“Oh, Crap, Now What?”: How to Avoid Overwhelm, Exhaustion and Feeling like a Fraud When Your Business Takes off Without You and the You-Know- What Hits the Fan!
by: Melinda Cohan, August 8th, 2016
“She said, ‘yes!”
Kate Steinbacher, Co-founder of The Coaches Console, had just landed her first coaching client.
She was excited … and shocked. She’d just started her coaching business, and thanks to being a natural-born networker and a charming extrovert, she already had people lined up, excited to work with her.
Only, she didn’t have any systems in place for supporting her new client … or the clients she hoped would follow.
So Kate did what any typical coach would do. After she got her first, “yes”, she picked up the phone, called her mentor coach and said …
“Oh, crap! Now what?”
Like many coaches, Kate operates primarily from her right brain, creativity taking the lead.
Operating a business is more of a left-brain activity, requiring logic and organization.
(Ah yes … I’m betting you know where this is going!)
For the first year of her business, Kate let her creativity and her passion for coaching run her business. She loved coaching! She felt lucky she was getting paid to do it. In that way, she operated from the mindset of a Hobbyist. But she had the goals of a Business Owner – to make a big impact and great money.
Rather than putting systems in place (like a Business Owner would), her “official plan” was to call her mentor coach every time she ran into another part of her business with which she needed help and say, “Oh, crap! Now what?” (Sounds like a Hobbyist, right?)
From all outward appearances, this plan was working well for Kate. She was getting and supporting more clients, and she was having fun. She was professional, credible, and thriving.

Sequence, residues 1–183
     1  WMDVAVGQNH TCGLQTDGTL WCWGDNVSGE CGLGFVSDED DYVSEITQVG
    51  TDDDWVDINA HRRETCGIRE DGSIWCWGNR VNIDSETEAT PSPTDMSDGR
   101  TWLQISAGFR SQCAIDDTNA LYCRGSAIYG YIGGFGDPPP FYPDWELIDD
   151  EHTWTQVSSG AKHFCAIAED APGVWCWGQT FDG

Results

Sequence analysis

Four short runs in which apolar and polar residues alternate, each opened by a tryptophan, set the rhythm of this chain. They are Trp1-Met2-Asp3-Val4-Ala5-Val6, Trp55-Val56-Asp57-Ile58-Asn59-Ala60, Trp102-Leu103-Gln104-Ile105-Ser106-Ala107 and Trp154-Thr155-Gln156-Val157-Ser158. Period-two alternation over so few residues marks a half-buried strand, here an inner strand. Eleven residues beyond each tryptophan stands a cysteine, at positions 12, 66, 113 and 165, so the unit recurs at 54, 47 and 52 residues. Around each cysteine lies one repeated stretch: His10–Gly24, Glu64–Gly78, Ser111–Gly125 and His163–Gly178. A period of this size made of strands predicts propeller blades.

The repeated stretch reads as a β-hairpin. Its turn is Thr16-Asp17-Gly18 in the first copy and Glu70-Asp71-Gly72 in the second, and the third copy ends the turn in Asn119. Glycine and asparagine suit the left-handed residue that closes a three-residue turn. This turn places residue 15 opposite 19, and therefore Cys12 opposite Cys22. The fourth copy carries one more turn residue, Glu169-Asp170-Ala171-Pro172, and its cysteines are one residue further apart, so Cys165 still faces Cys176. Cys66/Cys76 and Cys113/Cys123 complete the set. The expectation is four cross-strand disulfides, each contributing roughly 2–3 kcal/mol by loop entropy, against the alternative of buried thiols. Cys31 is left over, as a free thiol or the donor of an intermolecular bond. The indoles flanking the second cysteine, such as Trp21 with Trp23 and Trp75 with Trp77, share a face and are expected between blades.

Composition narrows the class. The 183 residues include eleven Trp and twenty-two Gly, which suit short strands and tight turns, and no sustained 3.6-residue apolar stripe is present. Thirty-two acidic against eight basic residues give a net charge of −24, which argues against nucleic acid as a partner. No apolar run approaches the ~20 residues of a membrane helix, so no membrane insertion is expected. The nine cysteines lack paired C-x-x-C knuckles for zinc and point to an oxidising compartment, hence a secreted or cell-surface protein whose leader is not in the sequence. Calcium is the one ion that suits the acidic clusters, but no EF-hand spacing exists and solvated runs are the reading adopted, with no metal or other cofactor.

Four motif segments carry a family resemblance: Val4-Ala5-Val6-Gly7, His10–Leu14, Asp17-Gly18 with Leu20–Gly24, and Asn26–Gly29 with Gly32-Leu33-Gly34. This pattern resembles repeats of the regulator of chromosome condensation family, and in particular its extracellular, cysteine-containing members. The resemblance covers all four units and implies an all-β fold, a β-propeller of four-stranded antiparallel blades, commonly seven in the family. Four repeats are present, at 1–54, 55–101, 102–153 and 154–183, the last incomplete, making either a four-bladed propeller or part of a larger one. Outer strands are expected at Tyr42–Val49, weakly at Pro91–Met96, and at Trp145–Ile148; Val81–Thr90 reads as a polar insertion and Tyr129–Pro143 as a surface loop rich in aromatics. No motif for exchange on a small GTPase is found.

But from Kate’s perspective, things looked quite different.
Her approach was costing her time and money. She was so disorganized (her own words!) that it took 3 months for her to receive money from her clients. In one situation, she was so embarrassed about her lack of organization that she waived her client’s invoice all together! (If Kate were here, she’d tell you the same story, herself.)
She struggled to manage her time, and soon became very overwhelmed and stressed trying to juggle everything herself.
This is typical for most coaches and “start-up, service-based entrepreneurs” (those who have a set of skills and/or services they offer to a group of clients).
They discover they have a passion that is really a calling. They bravely venture into entrepreneurship. They work with mentors and teachers who begin to educate them on everything, the hundreds of necessary tasks they need to start and run a business.
Then, overwhelm sets in.
There is so much to do and so much to learn, and without a system, running a business can feel incredibly stressful.
(One of our Coaches Console members described her start-up experience before she began using TCC as “holding everything together with spitballs and duct tape”!)
Seriously – combine these things …
- Learning the hundreds of details necessary for running a business
- The desire to appear professional and organized
- The urgent need to make money
- The fear of failure and fear of success
… and you’ve got the recipe for overwhelm.
Everything feels urgent and important.
Fortunately, although we can’t decrease the number of details involved in running a business, or the desire to appear professional, the need to make money, or the fear of failure, we can offer you a solution to this overwhelm!
The cure to overwhelm is to prepare for clients before you get them.
Yes, you read that right: before you have any clients, you should set up effective systems for attracting, converting, and supporting them.
Your fear-based ego may be jumping in right now, exclaiming,”But wait! What if you never get any clients? Why would you waste time and resources creating these systems if you fail?!” Or, “You need money – just go out and get clients!” Or, “You’re smart. You’ll figure this out later.”
Let that go.
Take a bit of time up front, as the CEO of your business, to learn and understand the best practices necessary for laying that foundation. Be proactive, rather than reactive.
And find a mentor who can show you the way.
Kate had a great mentor, but she was in reactionary mode. She did not take the time to become proactive, and therefore she spent her first 3 years of business stressed, overwhelmed, and feeling scattered.
We would LOVE to help you avoid those “Oh crap!” moments!